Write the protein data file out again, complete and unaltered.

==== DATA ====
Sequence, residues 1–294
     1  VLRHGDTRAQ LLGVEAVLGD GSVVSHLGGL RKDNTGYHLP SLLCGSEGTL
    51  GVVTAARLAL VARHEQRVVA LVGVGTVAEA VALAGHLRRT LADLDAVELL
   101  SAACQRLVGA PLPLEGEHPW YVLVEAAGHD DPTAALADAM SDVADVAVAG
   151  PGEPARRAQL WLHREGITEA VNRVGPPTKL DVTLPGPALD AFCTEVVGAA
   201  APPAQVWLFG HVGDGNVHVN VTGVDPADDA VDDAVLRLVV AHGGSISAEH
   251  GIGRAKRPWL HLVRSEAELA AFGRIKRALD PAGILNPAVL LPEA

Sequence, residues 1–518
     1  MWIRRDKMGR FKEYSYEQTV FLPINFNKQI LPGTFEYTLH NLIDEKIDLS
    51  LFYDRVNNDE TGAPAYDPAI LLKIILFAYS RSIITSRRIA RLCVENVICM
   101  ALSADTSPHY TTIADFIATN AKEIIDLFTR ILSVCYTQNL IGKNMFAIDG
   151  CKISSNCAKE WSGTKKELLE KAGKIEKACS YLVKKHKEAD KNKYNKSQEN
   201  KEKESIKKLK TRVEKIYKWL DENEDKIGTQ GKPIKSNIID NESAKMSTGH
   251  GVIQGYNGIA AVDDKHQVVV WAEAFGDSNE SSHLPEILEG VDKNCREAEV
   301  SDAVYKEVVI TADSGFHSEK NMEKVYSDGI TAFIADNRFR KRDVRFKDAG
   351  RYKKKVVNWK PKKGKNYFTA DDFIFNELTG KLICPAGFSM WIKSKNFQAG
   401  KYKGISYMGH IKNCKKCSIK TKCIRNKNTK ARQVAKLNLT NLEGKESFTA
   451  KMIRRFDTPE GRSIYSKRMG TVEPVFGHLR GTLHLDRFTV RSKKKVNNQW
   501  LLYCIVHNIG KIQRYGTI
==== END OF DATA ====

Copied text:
Sequence, residues 1–294
     1  VLRHGDTRAQ LLGVEAVLGD GSVVSHLGGL RKDNTGYHLP SLLCGSEGTL
    51  GVVTAARLAL VARHEQRVVA LVGVGTVAEA VALAGHLRRT LADLDAVELL
   101  SAACQRLVGA PLPLEGEHPW YVLVEAAGHD DPTAALADAM SDVADVAVAG
   151  PGEPARRAQL WLHREGITEA VNRVGPPTKL DVTLPGPALD AFCTEVVGAA
   201  APPAQVWLFG HVGDGNVHVN VTGVDPADDA VDDAVLRLVV AHGGSISAEH
   251  GIGRAKRPWL HLVRSEAELA AFGRIKRALD PAGILNPAVL LPEA

Sequence, residues 1–518
     1  MWIRRDKMGR FKEYSYEQTV FLPINFNKQI LPGTFEYTLH NLIDEKIDLS
    51  LFYDRVNNDE TGAPAYDPAI LLKIILFAYS RSIITSRRIA RLCVENVICM
   101  ALSADTSPHY TTIADFIATN AKEIIDLFTR ILSVCYTQNL IGKNMFAIDG
   151  CKISSNCAKE WSGTKKELLE KAGKIEKACS YLVKKHKEAD KNKYNKSQEN
   201  KEKESIKKLK TRVEKIYKWL DENEDKIGTQ GKPIKSNIID NESAKMSTGH
   251  GVIQGYNGIA AVDDKHQVVV WAEAFGDSNE SSHLPEILEG VDKNCREAEV
   301  SDAVYKEVVI TADSGFHSEK NMEKVYSDGI TAFIADNRFR KRDVRFKDAG
   351  RYKKKVVNWK PKKGKNYFTA DDFIFNELTG KLICPAGFSM WIKSKNFQAG
   401  KYKGISYMGH IKNCKKCSIK TKCIRNKNTK ARQVAKLNLT NLEGKESFTA
   451  KMIRRFDTPE GRSIYSKRMG TVEPVFGHLR GTLHLDRFTV RSKKKVNNQW
   501  LLYCIVHNIG KIQRYGTI